October 2021 –
A few months ago one of the reporters I worked with in my freelance career
unexpectedly died. She and I hadn’t talked for a few months and were more likely
to communicate via text in the last few years. Nonetheless, her death is still jarring
for me. At the funeral one of our magistrate judges commented to me that she
thought this loss was particularly hard because court reporters are like snowy owls,
an endangered species.
Those words of consolation were an analogy I had never considered; but after
spending some time reflecting on it, there are parallels. My trusted resource of
Merriam-Webster tells me an endangered species is anyone or anything whose
continued existence is threatened. The less trusted resource of Wikipedia says
some of the factors that threaten a species are habitat loss and poaching.
In the last few years, there have been times when it has felt like the continued
existence of federal reporters has been threatened. There was the unfortunate
adoption of the .89 funding scheme, causing a loss of reporting positions in some
districts. We have seen state courts and the freelance world lure reporters from
federal court with fewer rules and sometimes higher pay. At the same time many of
our veteran reporters have entered retirement. These events have led to the
increase in vacancies that districts are struggling to fill.
While this all seems like bad news, being endangered can have some advantages.
For instance, endangered species are considered more valuable because of their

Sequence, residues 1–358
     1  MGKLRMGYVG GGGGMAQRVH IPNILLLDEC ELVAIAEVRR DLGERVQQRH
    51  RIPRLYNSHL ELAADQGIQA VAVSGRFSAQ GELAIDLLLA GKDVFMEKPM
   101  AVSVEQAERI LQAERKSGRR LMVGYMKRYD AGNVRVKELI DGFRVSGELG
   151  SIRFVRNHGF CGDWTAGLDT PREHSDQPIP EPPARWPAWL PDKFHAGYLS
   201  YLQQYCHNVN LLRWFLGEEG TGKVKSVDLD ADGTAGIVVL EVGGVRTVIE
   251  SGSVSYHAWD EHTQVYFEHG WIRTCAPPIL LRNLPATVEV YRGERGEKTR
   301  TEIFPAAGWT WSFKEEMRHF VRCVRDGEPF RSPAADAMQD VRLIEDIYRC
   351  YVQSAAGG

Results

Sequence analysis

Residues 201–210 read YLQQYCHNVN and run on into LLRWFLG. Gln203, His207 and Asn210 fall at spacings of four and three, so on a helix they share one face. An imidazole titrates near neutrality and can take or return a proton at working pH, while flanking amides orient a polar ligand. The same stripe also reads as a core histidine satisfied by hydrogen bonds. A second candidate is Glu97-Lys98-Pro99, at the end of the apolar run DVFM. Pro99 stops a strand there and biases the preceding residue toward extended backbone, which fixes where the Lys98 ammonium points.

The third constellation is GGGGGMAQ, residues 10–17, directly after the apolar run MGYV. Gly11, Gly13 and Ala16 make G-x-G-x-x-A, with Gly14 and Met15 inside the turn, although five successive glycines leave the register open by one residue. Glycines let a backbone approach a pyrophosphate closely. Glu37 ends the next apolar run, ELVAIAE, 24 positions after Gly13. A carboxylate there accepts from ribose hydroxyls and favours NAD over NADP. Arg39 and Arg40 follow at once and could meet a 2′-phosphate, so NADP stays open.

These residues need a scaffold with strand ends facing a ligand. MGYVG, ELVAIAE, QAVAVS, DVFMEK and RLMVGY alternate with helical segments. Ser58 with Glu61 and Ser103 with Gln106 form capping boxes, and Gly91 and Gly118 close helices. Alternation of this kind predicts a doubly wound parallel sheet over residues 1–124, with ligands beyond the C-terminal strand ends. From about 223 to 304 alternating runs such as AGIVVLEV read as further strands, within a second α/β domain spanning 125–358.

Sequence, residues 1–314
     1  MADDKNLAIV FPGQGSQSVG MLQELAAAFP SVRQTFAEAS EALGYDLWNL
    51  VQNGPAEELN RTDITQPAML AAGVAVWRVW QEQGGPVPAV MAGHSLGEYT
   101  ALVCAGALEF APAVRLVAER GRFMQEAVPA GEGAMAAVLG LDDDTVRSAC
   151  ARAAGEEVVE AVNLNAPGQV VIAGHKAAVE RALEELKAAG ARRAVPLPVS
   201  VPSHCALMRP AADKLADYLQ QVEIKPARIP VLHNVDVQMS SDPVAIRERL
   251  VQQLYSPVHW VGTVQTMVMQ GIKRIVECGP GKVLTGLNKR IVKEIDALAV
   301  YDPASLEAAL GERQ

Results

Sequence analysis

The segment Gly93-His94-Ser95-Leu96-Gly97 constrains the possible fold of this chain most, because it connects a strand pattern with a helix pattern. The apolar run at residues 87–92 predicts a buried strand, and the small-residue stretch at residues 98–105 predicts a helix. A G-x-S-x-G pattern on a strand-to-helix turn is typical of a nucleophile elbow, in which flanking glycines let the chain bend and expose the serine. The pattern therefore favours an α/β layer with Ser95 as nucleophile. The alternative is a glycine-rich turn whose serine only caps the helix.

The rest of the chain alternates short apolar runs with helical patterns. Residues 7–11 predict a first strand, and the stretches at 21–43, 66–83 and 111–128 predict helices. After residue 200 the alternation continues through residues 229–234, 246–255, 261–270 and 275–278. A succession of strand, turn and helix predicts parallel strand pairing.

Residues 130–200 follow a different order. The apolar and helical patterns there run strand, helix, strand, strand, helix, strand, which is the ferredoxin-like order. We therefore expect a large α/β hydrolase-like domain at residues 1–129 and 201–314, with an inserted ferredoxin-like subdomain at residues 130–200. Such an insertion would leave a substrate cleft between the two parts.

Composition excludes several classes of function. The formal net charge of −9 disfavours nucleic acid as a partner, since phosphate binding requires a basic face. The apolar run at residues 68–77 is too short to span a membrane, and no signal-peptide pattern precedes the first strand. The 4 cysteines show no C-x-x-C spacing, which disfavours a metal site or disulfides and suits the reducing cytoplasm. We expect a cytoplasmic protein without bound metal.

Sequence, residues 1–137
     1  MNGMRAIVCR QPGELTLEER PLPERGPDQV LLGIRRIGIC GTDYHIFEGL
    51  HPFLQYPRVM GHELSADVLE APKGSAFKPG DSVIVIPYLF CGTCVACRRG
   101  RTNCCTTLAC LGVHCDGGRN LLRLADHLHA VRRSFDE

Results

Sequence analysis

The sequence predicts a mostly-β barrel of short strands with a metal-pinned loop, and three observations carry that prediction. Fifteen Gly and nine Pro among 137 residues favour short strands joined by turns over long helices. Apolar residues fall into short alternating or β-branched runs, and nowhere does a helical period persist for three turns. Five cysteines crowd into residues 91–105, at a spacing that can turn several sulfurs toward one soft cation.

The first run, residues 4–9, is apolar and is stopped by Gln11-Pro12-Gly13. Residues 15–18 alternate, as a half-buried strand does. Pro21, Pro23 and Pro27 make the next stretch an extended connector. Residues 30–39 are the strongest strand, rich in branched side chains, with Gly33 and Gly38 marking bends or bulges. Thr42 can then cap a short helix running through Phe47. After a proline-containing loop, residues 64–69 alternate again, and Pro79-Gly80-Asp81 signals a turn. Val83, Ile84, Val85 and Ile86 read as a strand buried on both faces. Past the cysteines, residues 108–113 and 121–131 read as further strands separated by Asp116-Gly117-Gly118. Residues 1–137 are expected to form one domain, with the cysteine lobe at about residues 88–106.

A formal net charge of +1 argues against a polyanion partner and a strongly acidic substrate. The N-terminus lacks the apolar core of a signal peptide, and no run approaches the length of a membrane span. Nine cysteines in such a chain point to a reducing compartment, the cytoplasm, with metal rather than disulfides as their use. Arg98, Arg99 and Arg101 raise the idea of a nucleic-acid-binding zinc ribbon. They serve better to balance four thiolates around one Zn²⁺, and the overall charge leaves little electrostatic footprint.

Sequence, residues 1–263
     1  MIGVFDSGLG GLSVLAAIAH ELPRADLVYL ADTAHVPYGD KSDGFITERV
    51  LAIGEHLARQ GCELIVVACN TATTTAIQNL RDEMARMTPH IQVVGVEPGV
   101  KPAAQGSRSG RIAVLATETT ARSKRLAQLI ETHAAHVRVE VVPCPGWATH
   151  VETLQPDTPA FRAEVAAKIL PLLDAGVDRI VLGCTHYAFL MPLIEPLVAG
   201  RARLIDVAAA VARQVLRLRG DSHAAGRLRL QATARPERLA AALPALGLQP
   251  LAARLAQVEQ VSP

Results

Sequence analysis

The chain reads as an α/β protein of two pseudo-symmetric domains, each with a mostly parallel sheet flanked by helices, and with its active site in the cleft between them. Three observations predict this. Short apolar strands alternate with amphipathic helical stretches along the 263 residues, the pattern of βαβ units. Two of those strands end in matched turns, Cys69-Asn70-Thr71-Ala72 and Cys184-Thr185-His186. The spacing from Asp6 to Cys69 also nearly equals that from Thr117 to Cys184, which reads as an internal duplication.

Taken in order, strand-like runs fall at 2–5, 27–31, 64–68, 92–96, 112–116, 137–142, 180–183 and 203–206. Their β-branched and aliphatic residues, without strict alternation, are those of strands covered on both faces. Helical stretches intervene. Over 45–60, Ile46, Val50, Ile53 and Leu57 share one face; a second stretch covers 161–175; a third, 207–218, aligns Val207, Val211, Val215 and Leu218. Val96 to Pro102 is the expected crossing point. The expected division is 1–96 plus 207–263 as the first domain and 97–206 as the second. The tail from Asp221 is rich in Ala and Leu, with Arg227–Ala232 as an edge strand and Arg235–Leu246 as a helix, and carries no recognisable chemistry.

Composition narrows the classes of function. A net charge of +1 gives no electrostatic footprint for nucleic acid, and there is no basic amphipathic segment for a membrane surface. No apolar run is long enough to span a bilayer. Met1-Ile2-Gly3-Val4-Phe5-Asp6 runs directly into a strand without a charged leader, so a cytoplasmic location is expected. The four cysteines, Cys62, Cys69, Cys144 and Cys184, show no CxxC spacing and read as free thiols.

decline in numbers, so advocates protect those that remain while developing
programs to reinvigorate the species. With time and effort, the population of the
species can return to numbers that remove it from the endangered list.
The snowy owl analogy resonated with me. After a little research, I found the
snowy owl is now considered “vulnerable” rather than “endangered.” It seems that
categorization also may be more appropriate for federal official court reporters.
The truth is no one else in the courthouse understands exactly what we do and how
we do it. So while our positions are always vulnerable, with USCRA’s advocacy,
we can withstand the threats to our existence.
Advocating for federal court reporters is at the heart of what USCRA does. For
more than two years now, it has been my privilege to lead this association as we
have continued this mission. In just a few weeks, I will be turning the USCRA
reins over to Kathy Fennell. As I look forward to moving to the position of
Immediate Past President, which I like to think will be akin to a senior status judge,
I have reflected on what has been accomplished and what remains on our list of
things to do.
One of the most important projects in the last two years has been USCRA’s
organizational restructuring. I am happy to say that transition is nearly complete.
You can read the details on what was done and why in the pages ahead. None of
this would have been possible without the time and dedication of all members of
the Board of Directors from 2019-2021 and, in particular, the members of the
Executive Committee. I appreciate their contributions more than I can say in this
There are issues like salary and page rate increases and changes to the eVoucher
program that USCRA members are persistently raising through CRAG and other
avenues. While we have not seen the results we want yet, this kind of advocacy is
one of the most valuable benefits of USCRA membership. When I think about
these projects, I am reminded of the bench conference jury instruction that tells the
jurors, “While you are waiting, we are working.” USCRA members continue to
volunteer their time to work on these and other issues that will benefit everyone.
Looking back, I am still glad I said yes when Rick Ford called on behalf of the
Nominating Committee. My time as president has been challenging in ways I could
not have predicted, but it has been an honor to hold the position representing the
only association dedicated to advocating for Federal Official Court Reporters.